The panel set up to review a vital piece of equality legislation has been packed with Conservative and Liberal Democrat politicians, adding to fears of a new government assault on disabled people’s protection from discrimination.
The government also appears to have failed to include any disabled equality experts on the 11-strong review panel.
The review of the public sector equality duty (PSED) was announced by the government in May this year when it published the equalities section of its “red tape challenge”, which is looking at the “bureaucratic burdens” of legislation on business.
Leading disability rights figures have been warning that key parts of the country’s equality legislation are under threat from the government, and even fear that the coalition wants to scrap the PSED altogether.
The PSED forces public bodies – such as councils and government departments – to have “due regard” to the need to eliminate discrimination when forming policies.
The new review panel, expected to report in April 2013, is being chaired by the former Tory MP Rob Hayward, a former board member of the gay rights organisation Stonewall, who is joined by three Liberal Democrat and Tory local politicians, and Dr Munira Mirza, deputy mayor for education and culture for the Conservative mayor of London, Boris Johnson.
Another member is Rachel de Souza, the head of a high-performing academy school in Norfolk, who won praise from right-wing commentators by bringing in former members of the armed services to keep her school open in November 2011 when teachers were striking over their pensions.
De Souza was also one of four school leaders invited to Downing Street for a meeting with David Cameron and his education secretary Michael Gove in January.
There are two senior civil servants on the panel, Jonathan Rees, the director general of the Government Equalities Office, and Charlie Pate, a senior Treasury official.
The other three members are Stephen Otter, the former chief constable of Devon and Cornwall police; Paula Vasco-Knight, the chief executive of an NHS trust and national equality lead for the NHS Commissioning Board; and Baroness O’Neill, recently appointed by the government to chair the Equality and Human Rights Commission.
Last month, David Cameron, the prime minister, claimed judicial reviews, public consultations and equality impact assessments (EIAs) were slowing the pace of government reforms, and announced that he was “calling time” on EIAs and “all this extra tick-box stuff”.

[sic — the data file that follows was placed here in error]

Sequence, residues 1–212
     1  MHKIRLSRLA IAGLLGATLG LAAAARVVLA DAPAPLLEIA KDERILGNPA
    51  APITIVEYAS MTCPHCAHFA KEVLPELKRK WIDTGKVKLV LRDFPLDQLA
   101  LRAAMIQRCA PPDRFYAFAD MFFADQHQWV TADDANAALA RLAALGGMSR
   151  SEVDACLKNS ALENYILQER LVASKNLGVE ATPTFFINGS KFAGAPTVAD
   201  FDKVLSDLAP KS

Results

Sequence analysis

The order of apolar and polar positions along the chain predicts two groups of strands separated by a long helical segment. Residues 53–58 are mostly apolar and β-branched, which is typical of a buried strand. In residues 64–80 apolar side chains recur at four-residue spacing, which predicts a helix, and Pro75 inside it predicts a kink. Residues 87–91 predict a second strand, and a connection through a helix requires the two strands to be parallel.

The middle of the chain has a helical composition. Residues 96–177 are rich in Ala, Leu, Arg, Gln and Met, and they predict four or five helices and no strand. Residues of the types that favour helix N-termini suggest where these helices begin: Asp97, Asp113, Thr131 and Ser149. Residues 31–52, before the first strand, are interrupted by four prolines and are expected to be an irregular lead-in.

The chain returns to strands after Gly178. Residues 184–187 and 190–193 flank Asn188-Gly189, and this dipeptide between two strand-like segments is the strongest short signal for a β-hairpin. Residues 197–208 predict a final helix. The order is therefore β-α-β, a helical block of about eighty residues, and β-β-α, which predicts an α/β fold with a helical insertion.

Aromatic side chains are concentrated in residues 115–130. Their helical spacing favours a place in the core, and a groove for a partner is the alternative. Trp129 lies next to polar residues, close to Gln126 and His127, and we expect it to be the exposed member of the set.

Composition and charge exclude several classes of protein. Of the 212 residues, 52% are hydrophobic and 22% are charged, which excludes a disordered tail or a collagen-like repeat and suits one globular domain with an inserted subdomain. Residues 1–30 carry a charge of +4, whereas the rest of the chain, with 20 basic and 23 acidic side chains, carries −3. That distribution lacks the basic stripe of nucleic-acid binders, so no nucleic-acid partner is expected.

His comments led Sir Bert Massie, who chaired the former Disability Rights Commission, to warn that the PSED, the Equality Act and the whole equality agenda were “under threat”.
As well as the equality duty review, which has been brought forward from 2015, the government has already slashed the budget of the Equality and Human Rights Commission (EHRC), and delayed the implementation of discrimination laws that were due to be introduced as part of the Equality Act.
A Government Equalities Office spokeswoman said the steering group was “not intended to be a politically representative body” but that its members had been appointed “because of their experience across the breadth of the public sector”.
She added: “We will not pre-judge the outcome of the review. We are determined to explore the issues rigorously.”
Asked why there appeared to be no disabled person on the panel, she said: “We have not sought detailed information about individual members’ protected characteristics.
“This is because members were selected because of their experience of the public sector, not because of particular protected characteristics.”
The announcement came as a government report found strong support among businesses for equality laws that prevent discrimination in areas such as recruitment and promotion, although two-thirds of those surveyed admitted knowing nothing about the contents of the Equality Act.
The employers – mostly small and medium-sized businesses – were nearly all supportive of laws that would ban selecting an employee for redundancy on the basis of their sexual orientation (90 per cent), and refusing to promote a woman because her husband practised a particular faith (90 per cent).
But they were less supportive of laws that would prevent an employer refusing promotion to a disabled employee because they had taken a lot of sick leave in the previous year (56 per cent).
The EHRC said the report showed that most businesses “support equality in the workplace as a benefit rather than a bureaucratic burden”.
More than 1,800 businesses across England, Scotland and Wales were surveyed between November 2011 and January 2012.
6 December 2012